With the 2018 National Final season upon us, we thought we’d wrap up our Top 5 National Final Songs of 2017 series with the third and final instalment. Usually, we’d fit our Top 5 songs in one post, but we discovered so many gems through the 2017 national final season hence the three part series. In Part 1, we discussed our favourites of the Big 6 nations, and in Part 2, we talked about our most listened to from the Scandinavian nations. In this final instalment, we’re discussing the bits and bobs from around Europe, predominately Europe’s East!
Markus Riva – Dynamite
Here’s our first of two Latvian acts in this Top 5, and it’s a familiar name to many national final enthusiasts. Markus Riva is a regular to the Latvian national selection, and with the release of the official audio of his 2017 competing song Dynamite, I thought this could be the year for Markus. The song has that mysterious feel about it, and as the chorus hits, it builds into this really tense atmosphere that is very addictive to listen to. The downfall of this song was the live performance. The atmosphere captured in the official audio was overshadowed by shaky vocals at the live performance, which was a real shame. I think if this song had been given to someone like Sergey Lazarev who represented Russia in 2016, this would have been a winning song. All it would have taken was a more confident vocal performance and a killer stage show!
Linda Leen – Who is in Charge
This track perhaps could be considered the ‘marmite’ of this Top 5 since some fans enjoyed the song, whilst others didn’t see the appeal. I was of the first group, as I really enjoyed this song from the first listen. It’s punchy, experimental by no means like anything we’d heard at Eurovision. The rock undertones are chaotically perfect, and it matches well with the soulful feel to Linda’s vocals and the punchy message of the lyrics. I think there’s a fine line between experimental and disaster, and I think Linda managed to avoid crossing that line, especially helped by her very competent performance in the Supernova semi-finals. Didn’t love the stage show to accompany it, but it didn’t take away from my love of the song!
Daniel Levi – All I Need
Estonia always seem to find a good mix of the unique and the commercial through their national final Eesti Laul, and 2017 was no exception. There were a few songs I liked from the 2017 edition, but the song that I listened to the most was this song by Daniel Levi which leans more on the commercial side, rather than the unique. It’s definitely not a revolutionary song by any means, but it’s catchy, it’s addictive and it would fit in amongst the mainstream pop songs of 2017. Daniel’s live performance was totally on point, and the staging really quite epic. Having so much darkness on stage only to be broken up by lasers felt both futuristic and retro, and it was a staging that I wouldn’t have considered for this type of catchy pop music, but it totally works.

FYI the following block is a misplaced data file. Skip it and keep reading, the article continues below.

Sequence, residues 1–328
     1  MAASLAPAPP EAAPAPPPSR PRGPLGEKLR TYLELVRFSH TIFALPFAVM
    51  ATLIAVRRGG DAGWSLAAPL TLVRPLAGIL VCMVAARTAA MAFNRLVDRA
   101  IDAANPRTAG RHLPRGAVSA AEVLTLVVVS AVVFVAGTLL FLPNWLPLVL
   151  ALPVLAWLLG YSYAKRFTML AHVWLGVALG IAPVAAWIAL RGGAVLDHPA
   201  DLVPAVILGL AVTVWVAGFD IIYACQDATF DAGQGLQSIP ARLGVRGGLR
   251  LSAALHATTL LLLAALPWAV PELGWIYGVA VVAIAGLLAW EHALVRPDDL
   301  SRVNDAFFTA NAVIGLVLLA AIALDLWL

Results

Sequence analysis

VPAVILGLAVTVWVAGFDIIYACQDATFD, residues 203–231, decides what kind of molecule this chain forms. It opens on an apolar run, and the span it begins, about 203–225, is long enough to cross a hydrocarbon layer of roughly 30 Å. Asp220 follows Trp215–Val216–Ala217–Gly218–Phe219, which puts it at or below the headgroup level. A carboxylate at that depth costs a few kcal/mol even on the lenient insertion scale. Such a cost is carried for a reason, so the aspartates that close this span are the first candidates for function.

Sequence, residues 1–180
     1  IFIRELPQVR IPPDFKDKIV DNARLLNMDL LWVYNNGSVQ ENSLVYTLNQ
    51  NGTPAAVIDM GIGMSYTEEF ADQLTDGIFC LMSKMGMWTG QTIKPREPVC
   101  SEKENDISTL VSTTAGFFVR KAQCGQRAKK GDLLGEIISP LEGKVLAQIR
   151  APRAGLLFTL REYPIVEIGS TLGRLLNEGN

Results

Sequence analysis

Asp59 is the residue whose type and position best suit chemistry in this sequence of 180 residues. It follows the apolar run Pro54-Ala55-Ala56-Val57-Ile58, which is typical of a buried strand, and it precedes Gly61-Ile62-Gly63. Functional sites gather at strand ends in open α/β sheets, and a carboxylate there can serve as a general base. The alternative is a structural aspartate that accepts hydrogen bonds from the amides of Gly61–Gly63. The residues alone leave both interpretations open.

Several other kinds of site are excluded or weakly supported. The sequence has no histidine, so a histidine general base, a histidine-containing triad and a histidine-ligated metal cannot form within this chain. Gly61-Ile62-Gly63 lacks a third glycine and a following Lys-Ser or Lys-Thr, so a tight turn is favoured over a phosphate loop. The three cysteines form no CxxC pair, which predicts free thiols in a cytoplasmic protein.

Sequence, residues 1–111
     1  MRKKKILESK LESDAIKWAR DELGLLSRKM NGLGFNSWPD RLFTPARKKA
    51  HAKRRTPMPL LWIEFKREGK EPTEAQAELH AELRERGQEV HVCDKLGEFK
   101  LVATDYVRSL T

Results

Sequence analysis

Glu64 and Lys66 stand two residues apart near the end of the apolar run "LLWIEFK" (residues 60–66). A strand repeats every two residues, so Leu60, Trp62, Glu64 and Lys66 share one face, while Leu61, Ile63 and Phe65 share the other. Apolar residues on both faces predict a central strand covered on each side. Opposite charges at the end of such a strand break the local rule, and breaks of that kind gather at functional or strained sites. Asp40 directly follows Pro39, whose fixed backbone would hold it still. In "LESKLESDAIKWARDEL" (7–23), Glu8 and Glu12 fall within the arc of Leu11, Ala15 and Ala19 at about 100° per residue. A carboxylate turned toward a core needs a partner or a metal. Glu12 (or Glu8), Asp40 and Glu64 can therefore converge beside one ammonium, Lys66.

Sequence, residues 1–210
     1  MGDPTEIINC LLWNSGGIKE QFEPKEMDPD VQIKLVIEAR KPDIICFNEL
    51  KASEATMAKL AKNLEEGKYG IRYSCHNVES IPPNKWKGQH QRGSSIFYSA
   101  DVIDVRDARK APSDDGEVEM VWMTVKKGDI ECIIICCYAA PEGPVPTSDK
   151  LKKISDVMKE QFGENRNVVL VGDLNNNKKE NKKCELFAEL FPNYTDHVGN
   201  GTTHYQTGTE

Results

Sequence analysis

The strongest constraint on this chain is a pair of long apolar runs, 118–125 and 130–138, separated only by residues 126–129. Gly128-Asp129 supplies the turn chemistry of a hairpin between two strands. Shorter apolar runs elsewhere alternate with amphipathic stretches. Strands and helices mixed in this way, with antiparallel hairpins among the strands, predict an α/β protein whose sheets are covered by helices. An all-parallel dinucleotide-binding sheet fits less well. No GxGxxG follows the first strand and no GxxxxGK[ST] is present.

Gigi Radics – See It Through
Year after year, Hungary manages to pull out some gems for their national final. Mind you, not all the songs are great, but the songs that are good are really good, and this was one of my favourites of the 2017 edition of A Dal. I would not have replaced the winner Joci Pápai for anyone, as he was probably my all-time favourite entrant from Hungary, but I have to give props for Gigi Radics for serving up one of the better ballads of the 2017 season. The stand out of this entry is the vocals more than the song itself, with Gigi performing the song incredibly at the national final. As the song builds, she starts putting her vocal ability to work, hitting some really impressive notes in what is a really moving ballad. Although I do think the right act won A Dal 2017, Gigi came a close second for me.
Lauri Yrjölä – Helppo Elämä
It was love at first listen for this Finnish entry from Lauri Yrjölä, and from a field of what I perceived to be as relatively underwhelming, this was the song that stood out to me. There are various reasons as to why I like this song so much, but first and foremost is its uniqueness. The melody is very distinctive, but incredibly catchy, and when it’s placed in front of a very country and western guitar sound from the first verse, it catches your attention and you just want to keep listening to see where the song goes. Through the chorus, the melody remains unique but adopts a different beat which really helps distinguish between verses and choruses. When it came to the live performance, it was slightly under performed (that is, from memory, since we can’t seem to find video footage of the live performance anymore?) which I think helped seal its fate to be stuck in the national final instead of progressing to represent Finland at Eurovision. Regardless, it was a brilliant song that was bold enough to use Finnish language, and that’s always a positive in our eyes.